Tefillah Tuesday: Body and Soul

Judaism is a perpetual “low-grade” meditation.
A “low-grade” fever is not acute, but has a steady, global effect on us. Similarly, Judaism has scant tradition of extended acute meditations, withdrawing from the world for days on end. But it is saturated with reminders and exercises for creating a global God-consciousness to carry with you all day long, morning, noon, and night, at home, at work, at play.
Two short examples from the preliminary morning prayers. First, a prayer [אשר יצר] designed to imbue you, upon waking and after each trip to the restroom, with mindful gratitude for your body:
Blessed are You, who created the human body wisely, arrayed with apertures and tubes. If what is open became shut and what is closed opened up, we could not endure. Blessed are You, wondrous healer.
Slightly later in the siddur (but thematically belonging to the first moments of waking up) comes a prayer for spiritual consciousness [א’להי נשמה]:
Lord, you endowed me with a pure soul, breathing it into my lungs. One day you will take it from me, but will return it to me in the world to come. As long as I breathe, I will thank you, Master of Spirits, who restores living souls to dead bodies.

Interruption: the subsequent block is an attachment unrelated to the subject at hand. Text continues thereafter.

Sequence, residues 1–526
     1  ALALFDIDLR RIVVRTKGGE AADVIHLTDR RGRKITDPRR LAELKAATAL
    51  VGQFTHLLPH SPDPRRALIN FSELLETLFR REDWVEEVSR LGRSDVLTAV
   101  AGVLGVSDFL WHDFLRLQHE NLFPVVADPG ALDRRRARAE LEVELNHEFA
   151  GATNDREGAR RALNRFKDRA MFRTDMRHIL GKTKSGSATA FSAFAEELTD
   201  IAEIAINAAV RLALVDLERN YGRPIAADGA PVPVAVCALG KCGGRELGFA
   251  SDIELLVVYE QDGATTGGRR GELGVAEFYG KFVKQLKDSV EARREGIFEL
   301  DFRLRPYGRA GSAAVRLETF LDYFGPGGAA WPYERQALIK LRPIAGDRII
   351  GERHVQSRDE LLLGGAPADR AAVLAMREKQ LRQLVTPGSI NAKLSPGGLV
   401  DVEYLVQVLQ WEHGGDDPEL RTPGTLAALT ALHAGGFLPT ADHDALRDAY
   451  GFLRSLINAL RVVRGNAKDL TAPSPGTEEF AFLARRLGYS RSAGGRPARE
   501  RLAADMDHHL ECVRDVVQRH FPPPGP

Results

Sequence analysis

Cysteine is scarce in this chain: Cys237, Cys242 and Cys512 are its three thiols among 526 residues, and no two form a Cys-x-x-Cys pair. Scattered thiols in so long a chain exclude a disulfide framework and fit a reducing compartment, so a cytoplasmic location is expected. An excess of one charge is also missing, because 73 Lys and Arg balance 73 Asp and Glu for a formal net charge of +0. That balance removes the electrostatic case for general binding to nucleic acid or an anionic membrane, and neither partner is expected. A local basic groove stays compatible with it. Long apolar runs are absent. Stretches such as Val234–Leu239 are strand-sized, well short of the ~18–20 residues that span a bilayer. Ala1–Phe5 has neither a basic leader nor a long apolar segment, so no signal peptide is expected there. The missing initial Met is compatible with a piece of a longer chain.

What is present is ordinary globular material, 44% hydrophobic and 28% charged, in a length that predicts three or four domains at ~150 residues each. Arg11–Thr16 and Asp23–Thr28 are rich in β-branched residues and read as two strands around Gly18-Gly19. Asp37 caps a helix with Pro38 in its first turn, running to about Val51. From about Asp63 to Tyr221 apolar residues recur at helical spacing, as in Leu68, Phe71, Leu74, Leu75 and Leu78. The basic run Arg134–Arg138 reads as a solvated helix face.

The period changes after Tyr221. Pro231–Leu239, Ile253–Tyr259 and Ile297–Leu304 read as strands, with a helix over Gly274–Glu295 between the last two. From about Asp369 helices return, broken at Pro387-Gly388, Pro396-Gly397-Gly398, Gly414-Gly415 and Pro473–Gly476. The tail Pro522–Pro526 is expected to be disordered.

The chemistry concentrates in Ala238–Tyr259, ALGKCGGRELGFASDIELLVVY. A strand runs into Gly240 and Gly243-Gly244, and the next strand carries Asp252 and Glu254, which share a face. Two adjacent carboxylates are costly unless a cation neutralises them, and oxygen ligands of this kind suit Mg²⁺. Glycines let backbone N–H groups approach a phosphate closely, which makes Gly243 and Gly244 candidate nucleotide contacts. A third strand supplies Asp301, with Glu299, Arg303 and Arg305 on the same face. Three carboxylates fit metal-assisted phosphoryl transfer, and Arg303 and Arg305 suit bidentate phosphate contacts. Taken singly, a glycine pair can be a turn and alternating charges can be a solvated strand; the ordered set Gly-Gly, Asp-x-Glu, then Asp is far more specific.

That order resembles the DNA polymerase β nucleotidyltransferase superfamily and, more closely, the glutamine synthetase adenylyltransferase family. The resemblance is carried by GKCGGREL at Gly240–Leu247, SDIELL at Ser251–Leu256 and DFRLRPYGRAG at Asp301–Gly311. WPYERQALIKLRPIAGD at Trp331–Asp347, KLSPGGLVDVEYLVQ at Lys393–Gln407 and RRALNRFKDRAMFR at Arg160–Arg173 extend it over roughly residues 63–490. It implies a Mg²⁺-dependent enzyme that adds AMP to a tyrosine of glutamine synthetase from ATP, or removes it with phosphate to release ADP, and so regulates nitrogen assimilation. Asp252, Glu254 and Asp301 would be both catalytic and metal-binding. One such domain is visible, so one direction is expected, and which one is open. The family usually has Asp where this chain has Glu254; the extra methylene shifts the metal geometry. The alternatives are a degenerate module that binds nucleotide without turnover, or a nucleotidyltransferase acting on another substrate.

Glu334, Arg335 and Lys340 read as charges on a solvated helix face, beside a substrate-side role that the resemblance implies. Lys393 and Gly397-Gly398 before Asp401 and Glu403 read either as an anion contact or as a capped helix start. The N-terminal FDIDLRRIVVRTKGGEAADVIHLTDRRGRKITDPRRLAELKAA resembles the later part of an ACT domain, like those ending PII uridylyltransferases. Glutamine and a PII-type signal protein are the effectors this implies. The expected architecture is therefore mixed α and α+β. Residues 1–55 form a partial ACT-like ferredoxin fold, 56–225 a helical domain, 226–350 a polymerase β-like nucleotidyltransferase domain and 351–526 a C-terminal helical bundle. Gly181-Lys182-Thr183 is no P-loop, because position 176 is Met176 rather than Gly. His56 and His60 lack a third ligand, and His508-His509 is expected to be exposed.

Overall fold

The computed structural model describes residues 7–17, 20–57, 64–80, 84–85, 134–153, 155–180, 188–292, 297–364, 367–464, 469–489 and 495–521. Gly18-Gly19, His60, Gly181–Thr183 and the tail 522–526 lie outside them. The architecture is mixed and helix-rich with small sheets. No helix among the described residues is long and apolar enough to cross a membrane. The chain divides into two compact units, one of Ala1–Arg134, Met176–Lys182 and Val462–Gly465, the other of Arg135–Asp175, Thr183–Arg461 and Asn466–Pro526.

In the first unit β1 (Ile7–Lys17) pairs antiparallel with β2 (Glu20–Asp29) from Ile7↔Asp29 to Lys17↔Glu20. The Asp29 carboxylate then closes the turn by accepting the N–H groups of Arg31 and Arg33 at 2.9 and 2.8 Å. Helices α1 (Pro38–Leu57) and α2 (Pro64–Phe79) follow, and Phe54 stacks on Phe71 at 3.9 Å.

One reason I love this little paragraph is how it analogizes waking each morning to the eschaton. Each morning your alarm goes off and you open your eyes, is a minor experience of the resurrection of the dead!
Especially, I am moved by the prayer’s allusion to the creation of Adam [Genesis 2.7]: The Lord God created the human from the dust of the earth and blew into his nostrils the breath of life. God does not touch Adam’s finger to enliven him, as Michelangelo had it, but kisses the human to life, through gentle, loving CPR. This prayer asks us to imagine God blowing life force into us, too, to sense divine breath swirling through our lungs.
R. Israel Baal Shem Tov, the 18th century founder of Hasidism, had a fine meditation on this theme [ליקוטים יקרים קל”ו], asking us to imagine humans and God sharing breath reciprocally, to awaken ourselves to the divine within:
In every pure, clear prayer, a person’s holy breath proceeds from his mouth and attaches to the heavenly breath, which in turns enters the person perpetually … A person’s breath travels from below to above and then returns from above to below. With this consciousness, it is easy to join the divine element within you to its source.